If you have spent any time with children, you have likely heard the words. Perhaps you have said them yourself. Or at least you have experienced the feeling even if you are too sophisticated to express it out loud. It is an almost universal lament.

But, it is stunning to hear the sentiment expressed by a ridiculously famous, glamorous, white, 53-year-old male celebrity, estimated to have a net worth of $240 million who, even himself admits, that in his life he “hit the lottery”.

And yet Brad Pitt in his recent GQ interview is reported to have acknowledged being driven by the troubling feeling that “life is not fair”:

“For me this period has really been about looking at my weaknesses and failures and owning my side of the street,” he said. “I’m an asshole when it comes to this need for justice. I don’t know where it comes from, this hollow quest for justice for some perceived slight. I can drill on that for days and years. It’s done me no good whatsoever. It’s such a silly idea, the idea that the world is fair. And this is coming from a guy who hit the lottery, I’m well aware of that. I hit the lottery, and I still would waste my time on those hollow pursuits.”


Mr. Pitt’s honesty is refreshing. But the idea that he can “drill” for “days and years” on “some perceived slight” reveals a twisted dimension of the human condition that runs deep in the shadow side of our pysche.

Life is not fair; it has never been fair; it never will be fair. There is no such thing as justice. True justice is impossible.

Is this the face of justice in the country where Mr. Pitt resides?


Sixty-four-year-old James Ward, who has spent half his life in prison for killing his ex-girlfriend over thirty years ago, speaking about a woman whose husband was murdered:

I could do 10,000 years in prison and it would never match what she has lost. When you think about unfairness my fellow murderers, think about her. That is real unfairness. Can I say that I have been treated because the Governor pulled my parole date? 

The problem with “fair”, as with the concept of “justice”, is that both operate in a world of measurement and calculation. They assume the scales can be balanced. They operate under the illusion that it is possible to make things equal, to come up with a sane, reasonable, achievable standard in which all people receive the same benefits and are equally privileged.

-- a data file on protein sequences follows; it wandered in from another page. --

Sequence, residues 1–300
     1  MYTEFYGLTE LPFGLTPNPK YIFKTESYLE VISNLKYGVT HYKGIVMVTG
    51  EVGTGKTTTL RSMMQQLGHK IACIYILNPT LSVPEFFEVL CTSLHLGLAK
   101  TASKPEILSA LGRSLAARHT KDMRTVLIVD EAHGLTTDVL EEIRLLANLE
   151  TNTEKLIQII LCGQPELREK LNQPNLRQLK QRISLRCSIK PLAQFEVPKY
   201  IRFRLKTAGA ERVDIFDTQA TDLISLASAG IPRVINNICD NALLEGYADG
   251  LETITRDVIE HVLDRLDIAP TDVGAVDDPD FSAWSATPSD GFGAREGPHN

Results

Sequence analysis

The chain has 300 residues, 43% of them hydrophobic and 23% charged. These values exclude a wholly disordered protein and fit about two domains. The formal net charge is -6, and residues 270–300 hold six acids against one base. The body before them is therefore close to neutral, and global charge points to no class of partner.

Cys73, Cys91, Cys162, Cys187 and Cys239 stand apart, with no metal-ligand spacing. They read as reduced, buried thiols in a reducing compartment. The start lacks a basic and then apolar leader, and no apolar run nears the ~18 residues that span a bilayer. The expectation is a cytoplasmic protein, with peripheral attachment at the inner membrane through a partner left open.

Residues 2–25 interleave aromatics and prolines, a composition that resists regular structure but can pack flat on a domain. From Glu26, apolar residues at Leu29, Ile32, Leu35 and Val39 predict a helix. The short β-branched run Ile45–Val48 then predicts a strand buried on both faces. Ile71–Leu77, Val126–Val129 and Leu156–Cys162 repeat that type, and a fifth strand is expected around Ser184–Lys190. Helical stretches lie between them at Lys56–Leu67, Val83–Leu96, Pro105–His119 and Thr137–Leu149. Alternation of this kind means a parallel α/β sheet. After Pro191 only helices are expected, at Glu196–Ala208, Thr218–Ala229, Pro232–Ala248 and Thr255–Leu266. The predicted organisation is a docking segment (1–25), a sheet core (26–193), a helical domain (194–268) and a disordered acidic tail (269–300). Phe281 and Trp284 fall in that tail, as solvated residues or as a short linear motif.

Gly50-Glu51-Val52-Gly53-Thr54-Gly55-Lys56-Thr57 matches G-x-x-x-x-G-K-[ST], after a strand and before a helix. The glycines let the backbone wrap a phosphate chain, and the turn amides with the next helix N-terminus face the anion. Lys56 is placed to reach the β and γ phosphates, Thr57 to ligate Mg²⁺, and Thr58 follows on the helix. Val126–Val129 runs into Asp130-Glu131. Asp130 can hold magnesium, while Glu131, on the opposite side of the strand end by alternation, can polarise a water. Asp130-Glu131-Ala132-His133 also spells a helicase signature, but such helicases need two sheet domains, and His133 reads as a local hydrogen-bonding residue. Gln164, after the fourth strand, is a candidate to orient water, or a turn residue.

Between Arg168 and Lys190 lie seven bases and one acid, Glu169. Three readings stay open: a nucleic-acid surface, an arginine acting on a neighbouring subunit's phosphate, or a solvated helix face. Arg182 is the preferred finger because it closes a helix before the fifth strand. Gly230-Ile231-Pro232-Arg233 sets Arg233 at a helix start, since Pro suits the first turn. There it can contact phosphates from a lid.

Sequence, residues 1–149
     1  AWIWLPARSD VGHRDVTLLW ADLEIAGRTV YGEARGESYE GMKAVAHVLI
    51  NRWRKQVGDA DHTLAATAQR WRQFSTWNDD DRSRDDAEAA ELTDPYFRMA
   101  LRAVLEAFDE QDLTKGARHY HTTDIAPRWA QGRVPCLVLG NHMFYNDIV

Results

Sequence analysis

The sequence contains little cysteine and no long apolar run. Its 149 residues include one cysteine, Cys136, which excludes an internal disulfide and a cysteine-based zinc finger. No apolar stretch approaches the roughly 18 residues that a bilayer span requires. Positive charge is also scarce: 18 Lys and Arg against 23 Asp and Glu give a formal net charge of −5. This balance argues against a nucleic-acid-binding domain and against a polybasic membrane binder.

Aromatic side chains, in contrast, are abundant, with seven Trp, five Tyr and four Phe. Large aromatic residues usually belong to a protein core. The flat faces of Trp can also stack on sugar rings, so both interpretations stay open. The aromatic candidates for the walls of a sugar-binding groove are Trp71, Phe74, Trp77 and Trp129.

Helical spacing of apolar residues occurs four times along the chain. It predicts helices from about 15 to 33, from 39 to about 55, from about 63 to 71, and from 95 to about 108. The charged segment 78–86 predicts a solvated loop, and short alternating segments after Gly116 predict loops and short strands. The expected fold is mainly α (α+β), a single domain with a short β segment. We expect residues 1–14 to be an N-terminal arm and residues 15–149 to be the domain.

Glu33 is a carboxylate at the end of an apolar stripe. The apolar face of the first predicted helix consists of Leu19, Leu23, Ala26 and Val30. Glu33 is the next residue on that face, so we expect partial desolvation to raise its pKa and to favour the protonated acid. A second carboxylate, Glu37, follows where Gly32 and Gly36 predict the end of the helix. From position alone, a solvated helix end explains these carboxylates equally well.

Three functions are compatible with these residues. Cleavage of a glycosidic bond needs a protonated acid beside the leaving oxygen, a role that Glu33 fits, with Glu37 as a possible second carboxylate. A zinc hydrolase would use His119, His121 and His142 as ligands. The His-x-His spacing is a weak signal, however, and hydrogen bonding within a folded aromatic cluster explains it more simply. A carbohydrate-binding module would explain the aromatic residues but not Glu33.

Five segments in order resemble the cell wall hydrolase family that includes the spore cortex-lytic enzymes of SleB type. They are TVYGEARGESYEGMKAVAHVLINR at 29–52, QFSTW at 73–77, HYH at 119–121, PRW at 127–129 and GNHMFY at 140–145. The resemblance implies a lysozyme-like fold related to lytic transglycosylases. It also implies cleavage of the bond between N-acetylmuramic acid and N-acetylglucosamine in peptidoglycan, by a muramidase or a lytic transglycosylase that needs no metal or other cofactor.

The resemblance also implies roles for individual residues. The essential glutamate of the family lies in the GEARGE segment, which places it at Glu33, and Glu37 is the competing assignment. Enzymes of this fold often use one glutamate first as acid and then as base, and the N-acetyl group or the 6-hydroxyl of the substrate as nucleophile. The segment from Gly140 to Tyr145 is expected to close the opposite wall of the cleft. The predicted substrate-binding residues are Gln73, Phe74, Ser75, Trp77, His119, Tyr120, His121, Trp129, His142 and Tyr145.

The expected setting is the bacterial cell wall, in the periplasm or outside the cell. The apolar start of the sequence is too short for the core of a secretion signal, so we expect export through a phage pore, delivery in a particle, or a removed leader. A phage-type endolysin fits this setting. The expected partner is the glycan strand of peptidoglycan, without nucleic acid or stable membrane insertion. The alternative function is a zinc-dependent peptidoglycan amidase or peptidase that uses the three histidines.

Nothing can balance the scales in a world where some of us are privileged to be born into circumstance of overwhelming abundance, affluence, good health, and relative safety (like Mr. Pitt and me), while others are born into a world of scarcity, poverty, sickness, and unavoidable violence (like half the world’s population).

It is not fair that in a world where Mr. Pitt has been divorced twice before reaching the age of fifty-five, I should be privileged this year to celebrate the enormous gift of forty years of marriage to the woman I married in 1977.

Life is not about fair. Life is about learning to live with unfair. It is about learning to navigate the reality of injustice and to live with the greatest possible compassion and grace in the face of  the dark and difficult forces that afflict us all to varying degrees.

This is not counsel to be indifferent to the real and tragic circumstances in which so many people are forced to live. It is simply a reminder that, no matter how privileged we are, we do better when we seek to live in reality. The universe we inhabit is not structured around equality and sameness. Life is not about measuring, weighing, and balancing. Every part of life is rife with diversity and inequality.

The challenge of living in this unequal universe is to find the beauty and richness of life just as it comes to us. The gift of an unequal world is we are given the opportunity to live with generosity, gentleness, and kindness no matter what circumstances we may have been dealt by the lottery of life.